It further noted that death threats, defamatory stories and fake images have been used to intimidate and discredit women journalists in particular. A similar pattern of harassment was cited by the British Council as the reason for the cessation of its work in Iran in 2009, and Iran’s failure to safeguard the basic rights of the individual leaves it consistently in breach of its international human rights obligations.
40.Speaking broadly on the FCDO’s strategy to improve human rights globally, the Foreign Secretary described a three pillared approach of “media freedom and protecting journalists, FoRB [Freedom of Religion or Belief] and Magnitsky [sanctions].” When we questioned him specifically on how effective the FCDO had been in pressing Iran to improve its human rights record, the Foreign Secretary replied:
As effective as any other country dealing with Iran. They are not going to do it just because we put out communiqués, although I think they are sensitive to the reputational risk […] It is important to keep up that pressure, along with the other things we do.
The FCDO has challenged Iran’s behaviour across a range of international fora, as detailed in its written evidence to our predecessor Committee:
[…] At the Human Rights Council in March 2019, the UK again supported the renewal of the mandate of the UN Special Rapporteur on the Situation of Human Rights in Iran. […] In our speech to the council, the UK highlighted executions of juvenile offenders, persecution of religious and ethnic minorities in Iran, the deteriorating right to freedom of expression and a lack of media freedom. We called on Iran to drop the criminal investigations and judicial harassment of BBC Persian employees and their families. During the 2019 UN General Assembly the UK shone a spotlight on Iran’s human rights record and their detention of dual nationals. The UK hosted an event with legal experts and international partners to highlight evidence of where Iran is failing to uphold its international obligations.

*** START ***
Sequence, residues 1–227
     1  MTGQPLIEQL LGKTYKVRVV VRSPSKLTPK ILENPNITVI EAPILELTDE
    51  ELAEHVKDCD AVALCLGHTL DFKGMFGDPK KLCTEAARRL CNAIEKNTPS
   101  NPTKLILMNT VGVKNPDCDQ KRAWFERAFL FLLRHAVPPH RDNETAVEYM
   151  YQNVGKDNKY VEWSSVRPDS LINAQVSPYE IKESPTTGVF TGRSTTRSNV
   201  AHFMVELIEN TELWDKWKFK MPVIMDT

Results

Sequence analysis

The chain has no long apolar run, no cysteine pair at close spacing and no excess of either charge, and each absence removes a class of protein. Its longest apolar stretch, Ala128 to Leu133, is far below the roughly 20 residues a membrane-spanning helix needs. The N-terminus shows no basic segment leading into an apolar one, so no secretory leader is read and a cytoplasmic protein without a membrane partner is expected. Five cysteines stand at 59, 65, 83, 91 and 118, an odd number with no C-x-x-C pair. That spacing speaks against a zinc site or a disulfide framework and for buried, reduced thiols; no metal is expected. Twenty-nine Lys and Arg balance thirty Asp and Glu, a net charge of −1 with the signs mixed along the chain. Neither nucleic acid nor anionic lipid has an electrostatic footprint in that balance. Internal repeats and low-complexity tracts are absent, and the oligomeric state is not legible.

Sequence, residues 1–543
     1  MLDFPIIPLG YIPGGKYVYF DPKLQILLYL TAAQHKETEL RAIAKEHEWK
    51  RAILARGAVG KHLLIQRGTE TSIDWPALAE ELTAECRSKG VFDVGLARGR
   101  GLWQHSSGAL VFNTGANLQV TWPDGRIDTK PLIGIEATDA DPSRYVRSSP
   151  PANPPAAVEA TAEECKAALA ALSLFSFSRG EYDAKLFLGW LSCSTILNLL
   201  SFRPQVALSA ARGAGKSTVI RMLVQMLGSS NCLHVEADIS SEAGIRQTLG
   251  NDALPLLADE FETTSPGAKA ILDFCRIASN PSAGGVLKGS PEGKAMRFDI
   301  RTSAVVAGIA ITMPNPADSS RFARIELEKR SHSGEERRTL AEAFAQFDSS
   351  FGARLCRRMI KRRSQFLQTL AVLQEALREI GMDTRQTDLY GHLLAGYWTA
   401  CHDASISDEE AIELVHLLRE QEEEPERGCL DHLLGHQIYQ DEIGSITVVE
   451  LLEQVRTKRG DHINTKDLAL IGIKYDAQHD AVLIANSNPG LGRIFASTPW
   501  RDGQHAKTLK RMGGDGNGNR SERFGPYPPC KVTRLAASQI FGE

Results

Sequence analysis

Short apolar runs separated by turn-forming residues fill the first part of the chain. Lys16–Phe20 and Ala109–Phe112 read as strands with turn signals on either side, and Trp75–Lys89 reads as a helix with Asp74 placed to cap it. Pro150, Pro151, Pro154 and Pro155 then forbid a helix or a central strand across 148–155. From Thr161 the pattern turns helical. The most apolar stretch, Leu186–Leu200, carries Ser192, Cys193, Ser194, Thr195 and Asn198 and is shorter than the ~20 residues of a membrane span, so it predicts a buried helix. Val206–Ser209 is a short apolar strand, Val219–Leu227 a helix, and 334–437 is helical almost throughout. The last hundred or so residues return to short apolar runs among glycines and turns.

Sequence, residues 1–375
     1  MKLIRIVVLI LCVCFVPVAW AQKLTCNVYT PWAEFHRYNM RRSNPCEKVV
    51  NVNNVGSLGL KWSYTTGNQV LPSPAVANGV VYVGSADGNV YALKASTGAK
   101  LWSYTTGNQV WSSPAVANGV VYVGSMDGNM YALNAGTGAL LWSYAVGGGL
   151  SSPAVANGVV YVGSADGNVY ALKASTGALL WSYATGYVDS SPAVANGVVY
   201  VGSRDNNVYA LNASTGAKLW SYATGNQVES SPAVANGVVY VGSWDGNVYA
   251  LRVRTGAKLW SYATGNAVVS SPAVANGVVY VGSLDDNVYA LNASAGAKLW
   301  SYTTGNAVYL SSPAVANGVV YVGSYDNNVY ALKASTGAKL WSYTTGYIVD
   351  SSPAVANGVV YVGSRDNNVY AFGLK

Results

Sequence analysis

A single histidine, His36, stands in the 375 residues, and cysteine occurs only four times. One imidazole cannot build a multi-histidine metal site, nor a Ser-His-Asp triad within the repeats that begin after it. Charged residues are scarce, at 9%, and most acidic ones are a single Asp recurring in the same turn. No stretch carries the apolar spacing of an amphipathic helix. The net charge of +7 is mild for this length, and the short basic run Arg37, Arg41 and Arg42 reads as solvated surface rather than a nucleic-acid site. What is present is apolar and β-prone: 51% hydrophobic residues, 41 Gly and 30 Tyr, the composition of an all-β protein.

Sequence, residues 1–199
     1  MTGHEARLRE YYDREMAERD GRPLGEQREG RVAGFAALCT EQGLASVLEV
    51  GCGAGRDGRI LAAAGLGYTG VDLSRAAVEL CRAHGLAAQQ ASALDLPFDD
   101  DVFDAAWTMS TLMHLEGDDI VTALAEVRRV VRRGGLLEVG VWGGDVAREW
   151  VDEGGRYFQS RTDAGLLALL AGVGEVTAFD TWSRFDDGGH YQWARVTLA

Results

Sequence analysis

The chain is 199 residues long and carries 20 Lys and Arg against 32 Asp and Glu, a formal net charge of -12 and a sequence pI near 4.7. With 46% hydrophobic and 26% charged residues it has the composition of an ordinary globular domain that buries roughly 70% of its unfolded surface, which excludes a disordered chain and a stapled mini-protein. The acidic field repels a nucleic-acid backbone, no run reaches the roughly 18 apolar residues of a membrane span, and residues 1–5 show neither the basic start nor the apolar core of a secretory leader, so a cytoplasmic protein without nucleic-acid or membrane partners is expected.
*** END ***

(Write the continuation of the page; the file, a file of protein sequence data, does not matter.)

41.BBC Persian promotes the shared interests of free people around the world. The treatment of its staff and their families by Iran is abhorrent, and the Government is right to continue to call out these abuses in international fora.
42.Witnesses noted the difficulty in positively influencing Iran’s domestic human rights agenda. Behnam Ben Taleblu ascribed the UK’s poor relationship with Iran to the latter’s “series of anti-western and anti-status quo choices” and advocated tackling human rights alongside nuclear proliferation and regional security in a single comprehensive negotiation rather than a patchwork of piecemeal agreements. However, Dr Van Engeland commented that “any attempt at addressing the human rights record of Iran has usually led to more violations” and that linking uranium production with human rights improvements was unlikely to be successful. Dr Vakil agreed that dialogue was needed with Iran, but also noted that it would be highly unlikely to “diplomatically engage on domestic political issues”. Dr Van Engeland further noted that there might be a greater opportunity to engage directly with the Iranian people and said that